To Advance & Diffuse the Knowledge of Physics
100 Years of the American Physical Society
Herman Feshbach with Elena Bonner, Andrei Sakharov, and Alexi Semenov, Moscow, 1987.
- human rights
- government relations
These programs for physicists and the public augmented the Society's ongoing work of advancing the knowledge of physics.
In the last thirty years, many members of the Society have decried violations of the human rights of dissident scientists in the Soviet Union, China, and elsewhere. Today, the APS Committee on International Freedom of Scientists fights injustice wherever found.
Two new committees improved the climate for women and under-represented minorities in physics. The Committee on the Status of Women in Physics helped to triple the fraction of those entering physics that were women. The Committee on Minorities established a scholarship and mentoring program that has enabled dozens of students to pursue physics training.
Rumors of physicists driving taxis or bartending were rampant during the job crisis of the late 1960s and 1970s. This led to a precipitous drop in physics PhDs. In response, the APS offered career counseling and improved placement services.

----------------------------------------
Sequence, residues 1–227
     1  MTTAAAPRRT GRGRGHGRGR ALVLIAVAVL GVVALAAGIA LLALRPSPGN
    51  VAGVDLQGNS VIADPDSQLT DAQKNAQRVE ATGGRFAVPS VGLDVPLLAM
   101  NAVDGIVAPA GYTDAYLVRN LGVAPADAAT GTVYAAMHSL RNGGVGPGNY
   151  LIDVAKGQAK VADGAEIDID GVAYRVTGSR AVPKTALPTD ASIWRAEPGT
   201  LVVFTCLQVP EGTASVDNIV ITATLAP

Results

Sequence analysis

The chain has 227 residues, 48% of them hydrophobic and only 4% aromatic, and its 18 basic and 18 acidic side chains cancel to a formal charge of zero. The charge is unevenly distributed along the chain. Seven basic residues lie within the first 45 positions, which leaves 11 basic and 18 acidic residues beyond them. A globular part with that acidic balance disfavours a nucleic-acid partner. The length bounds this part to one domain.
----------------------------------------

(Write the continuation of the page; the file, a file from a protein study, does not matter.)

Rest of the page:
With the creation of the Forum on Industrial and Applied Physics in 1995, APS recognized the increasing fraction of physicists employed outside of academe.
Curator: Sara Schechner Genuth, Gnomon Research
Exhibit Director: Barrett Ripin
APS History: Harry Lustig
Journals History: R. Mark Wilson
Researchers: George Trigg, Ruth Kastner, Steven Norton, Amy Halsted
Exhibit Design: Puches Design Inc.
Fabrication: Malone Displays
©1995 - 2016, AMERICAN PHYSICAL SOCIETY
APS encourages the redistribution of the materials included in this newspaper provided that attribution to the source is noted and the materials are not truncated or changed.
Associate Editor: Jennifer Ouellette